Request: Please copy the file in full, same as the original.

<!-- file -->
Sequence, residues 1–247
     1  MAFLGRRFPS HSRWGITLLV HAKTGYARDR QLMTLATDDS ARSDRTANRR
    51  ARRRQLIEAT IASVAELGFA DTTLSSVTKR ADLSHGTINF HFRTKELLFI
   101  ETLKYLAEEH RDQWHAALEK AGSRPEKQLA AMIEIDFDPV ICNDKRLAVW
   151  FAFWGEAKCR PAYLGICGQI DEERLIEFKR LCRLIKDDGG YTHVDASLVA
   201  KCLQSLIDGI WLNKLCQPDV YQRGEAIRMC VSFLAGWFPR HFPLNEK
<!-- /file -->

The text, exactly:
Sequence, residues 1–247
     1  MAFLGRRFPS HSRWGITLLV HAKTGYARDR QLMTLATDDS ARSDRTANRR
    51  ARRRQLIEAT IASVAELGFA DTTLSSVTKR ADLSHGTINF HFRTKELLFI
   101  ETLKYLAEEH RDQWHAALEK AGSRPEKQLA AMIEIDFDPV ICNDKRLAVW
   151  FAFWGEAKCR PAYLGICGQI DEERLIEFKR LCRLIKDDGG YTHVDASLVA
   201  KCLQSLIDGI WLNKLCQPDV YQRGEAIRMC VSFLAGWFPR HFPLNEK